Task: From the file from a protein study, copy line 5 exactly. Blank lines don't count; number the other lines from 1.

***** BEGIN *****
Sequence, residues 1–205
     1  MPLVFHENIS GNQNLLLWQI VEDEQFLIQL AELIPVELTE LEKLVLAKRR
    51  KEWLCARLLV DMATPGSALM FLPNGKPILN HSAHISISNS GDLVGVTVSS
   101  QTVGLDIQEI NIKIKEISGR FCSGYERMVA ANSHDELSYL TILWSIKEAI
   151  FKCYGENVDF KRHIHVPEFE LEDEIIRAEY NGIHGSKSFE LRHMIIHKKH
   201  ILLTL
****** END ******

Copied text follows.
   151  FKCYGENVDF KRHIHVPEFE LEDEIIRAEY NGIHGSKSFE LRHMIIHKKH